Outlook: Investors sidestep supply shortfall through property developments outside the top locations

Along with continuous portfolio streamlining by the large portfolio managers and concentration on their core markets, scarce supply in the urban areas will be the dominating topic on the German housing market in 2017. Consequently, the search for alternatives in centres not in the top locations as well as property developments will be the drivers of the investment volume in residential property portfolios. It can be assumed that the competition for preferred property will become tougher and prices will rise further. “Given Germany’s stable economic situation and the growing political uncertainty in other European countries, the coming year is likely to see international investors flocking increasingly to the German housing market,” Linsin states. “In 2017 we anticipate a transaction volume in similar dimensions in the double-digit billion range which will approximate the five-year average,” Lüttger predicts.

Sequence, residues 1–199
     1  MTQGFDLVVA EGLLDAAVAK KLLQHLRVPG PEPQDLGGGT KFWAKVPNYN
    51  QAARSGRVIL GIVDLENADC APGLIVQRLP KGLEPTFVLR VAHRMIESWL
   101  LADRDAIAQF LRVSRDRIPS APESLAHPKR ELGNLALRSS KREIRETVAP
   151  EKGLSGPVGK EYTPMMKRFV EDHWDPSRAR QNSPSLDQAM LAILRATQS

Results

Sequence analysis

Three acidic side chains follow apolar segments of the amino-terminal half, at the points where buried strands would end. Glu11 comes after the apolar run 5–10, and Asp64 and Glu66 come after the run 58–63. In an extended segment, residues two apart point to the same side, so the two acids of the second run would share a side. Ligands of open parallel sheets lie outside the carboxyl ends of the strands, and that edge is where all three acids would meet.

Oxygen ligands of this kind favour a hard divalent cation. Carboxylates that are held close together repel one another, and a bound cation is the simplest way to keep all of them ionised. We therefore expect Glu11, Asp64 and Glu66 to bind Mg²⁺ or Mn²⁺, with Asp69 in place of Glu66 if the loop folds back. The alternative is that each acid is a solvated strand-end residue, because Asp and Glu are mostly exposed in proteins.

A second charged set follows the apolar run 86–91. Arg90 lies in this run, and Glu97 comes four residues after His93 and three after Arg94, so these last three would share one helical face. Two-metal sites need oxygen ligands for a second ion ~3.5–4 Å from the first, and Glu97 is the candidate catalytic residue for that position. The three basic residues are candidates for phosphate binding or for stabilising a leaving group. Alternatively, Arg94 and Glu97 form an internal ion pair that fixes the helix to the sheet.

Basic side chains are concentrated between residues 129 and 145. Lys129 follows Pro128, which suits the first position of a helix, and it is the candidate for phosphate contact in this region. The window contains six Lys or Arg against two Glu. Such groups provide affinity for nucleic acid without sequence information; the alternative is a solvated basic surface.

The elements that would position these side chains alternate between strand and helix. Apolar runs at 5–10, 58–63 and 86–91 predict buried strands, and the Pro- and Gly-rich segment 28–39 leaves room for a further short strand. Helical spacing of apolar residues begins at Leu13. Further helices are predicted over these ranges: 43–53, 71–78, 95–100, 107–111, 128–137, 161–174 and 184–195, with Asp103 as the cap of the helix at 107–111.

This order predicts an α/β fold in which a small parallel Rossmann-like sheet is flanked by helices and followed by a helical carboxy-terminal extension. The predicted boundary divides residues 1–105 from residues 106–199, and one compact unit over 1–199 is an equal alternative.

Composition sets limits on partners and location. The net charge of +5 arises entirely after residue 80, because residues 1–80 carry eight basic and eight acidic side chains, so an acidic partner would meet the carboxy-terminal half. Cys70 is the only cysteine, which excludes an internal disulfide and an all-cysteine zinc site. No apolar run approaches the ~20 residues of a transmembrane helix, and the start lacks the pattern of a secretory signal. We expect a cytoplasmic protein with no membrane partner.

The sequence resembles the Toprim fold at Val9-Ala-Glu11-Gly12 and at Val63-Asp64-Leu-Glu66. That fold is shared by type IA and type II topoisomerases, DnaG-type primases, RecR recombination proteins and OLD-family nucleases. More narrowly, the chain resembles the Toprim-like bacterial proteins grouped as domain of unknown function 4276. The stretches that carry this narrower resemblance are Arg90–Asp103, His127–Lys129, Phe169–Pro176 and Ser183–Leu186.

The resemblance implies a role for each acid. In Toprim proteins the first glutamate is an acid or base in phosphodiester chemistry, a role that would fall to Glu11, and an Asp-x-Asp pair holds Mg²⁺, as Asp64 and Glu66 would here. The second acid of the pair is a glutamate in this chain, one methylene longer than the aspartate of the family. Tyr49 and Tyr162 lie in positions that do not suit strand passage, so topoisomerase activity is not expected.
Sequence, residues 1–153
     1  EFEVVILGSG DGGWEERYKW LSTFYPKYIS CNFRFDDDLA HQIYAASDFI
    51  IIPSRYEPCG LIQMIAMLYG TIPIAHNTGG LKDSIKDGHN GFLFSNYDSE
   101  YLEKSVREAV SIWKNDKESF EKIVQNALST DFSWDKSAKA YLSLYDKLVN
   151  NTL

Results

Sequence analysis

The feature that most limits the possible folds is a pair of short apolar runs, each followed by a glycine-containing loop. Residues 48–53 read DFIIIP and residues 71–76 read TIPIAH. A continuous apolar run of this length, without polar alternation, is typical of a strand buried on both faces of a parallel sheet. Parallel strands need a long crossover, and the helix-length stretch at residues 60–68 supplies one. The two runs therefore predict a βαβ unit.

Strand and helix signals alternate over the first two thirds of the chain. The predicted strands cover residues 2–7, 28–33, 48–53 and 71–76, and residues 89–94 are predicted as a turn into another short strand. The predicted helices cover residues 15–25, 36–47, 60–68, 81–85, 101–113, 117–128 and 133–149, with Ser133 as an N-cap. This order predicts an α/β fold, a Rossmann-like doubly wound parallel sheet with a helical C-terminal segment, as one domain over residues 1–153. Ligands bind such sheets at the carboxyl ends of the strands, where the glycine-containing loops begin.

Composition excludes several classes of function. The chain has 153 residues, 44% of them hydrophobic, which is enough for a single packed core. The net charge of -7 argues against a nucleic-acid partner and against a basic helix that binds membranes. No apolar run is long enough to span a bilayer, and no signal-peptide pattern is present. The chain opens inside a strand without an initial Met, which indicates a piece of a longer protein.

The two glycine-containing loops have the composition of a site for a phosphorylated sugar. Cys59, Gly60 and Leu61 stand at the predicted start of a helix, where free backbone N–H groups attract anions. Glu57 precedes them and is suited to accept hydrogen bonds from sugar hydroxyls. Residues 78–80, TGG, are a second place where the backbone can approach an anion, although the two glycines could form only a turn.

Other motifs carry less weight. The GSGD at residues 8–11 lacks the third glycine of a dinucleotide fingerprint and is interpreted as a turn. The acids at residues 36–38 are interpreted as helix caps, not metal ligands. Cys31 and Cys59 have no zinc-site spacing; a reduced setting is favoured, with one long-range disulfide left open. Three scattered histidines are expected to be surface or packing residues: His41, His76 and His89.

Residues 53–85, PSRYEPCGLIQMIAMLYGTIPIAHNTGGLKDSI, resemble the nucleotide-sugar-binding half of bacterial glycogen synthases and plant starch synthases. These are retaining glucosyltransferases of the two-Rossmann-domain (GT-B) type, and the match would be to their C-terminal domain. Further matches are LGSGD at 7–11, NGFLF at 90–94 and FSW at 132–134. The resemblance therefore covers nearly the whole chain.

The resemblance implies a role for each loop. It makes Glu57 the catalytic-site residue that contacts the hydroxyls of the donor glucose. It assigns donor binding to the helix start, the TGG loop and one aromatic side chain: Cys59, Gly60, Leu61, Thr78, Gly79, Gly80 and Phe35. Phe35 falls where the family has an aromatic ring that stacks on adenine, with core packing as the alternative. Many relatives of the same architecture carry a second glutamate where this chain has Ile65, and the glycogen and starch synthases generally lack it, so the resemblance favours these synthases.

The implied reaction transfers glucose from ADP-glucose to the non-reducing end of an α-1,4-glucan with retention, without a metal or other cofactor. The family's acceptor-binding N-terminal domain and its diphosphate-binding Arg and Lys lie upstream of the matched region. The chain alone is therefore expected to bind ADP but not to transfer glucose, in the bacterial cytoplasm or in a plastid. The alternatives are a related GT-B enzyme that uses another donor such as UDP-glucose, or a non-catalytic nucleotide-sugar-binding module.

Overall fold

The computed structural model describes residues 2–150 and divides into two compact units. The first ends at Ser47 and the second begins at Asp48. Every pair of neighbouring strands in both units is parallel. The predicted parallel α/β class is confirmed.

Residential portfolio transactions in Germany (upward of 100 residential units)









Source: CBRE Research, Q4 2016

Market for residential portfolios in Germany










Source: CBRE Research, Q4 2016.


Konstantin Lüttger 
Head of Residential Investment Germany
+49 (0)69 17 00 77 29 

Michael Schlatterer
Team Leader Residential Valuation
+49 (0)30 726 154 156

Dr. Jan Linsin
Head of Research Germany
+49 (0)69 17 00 77 663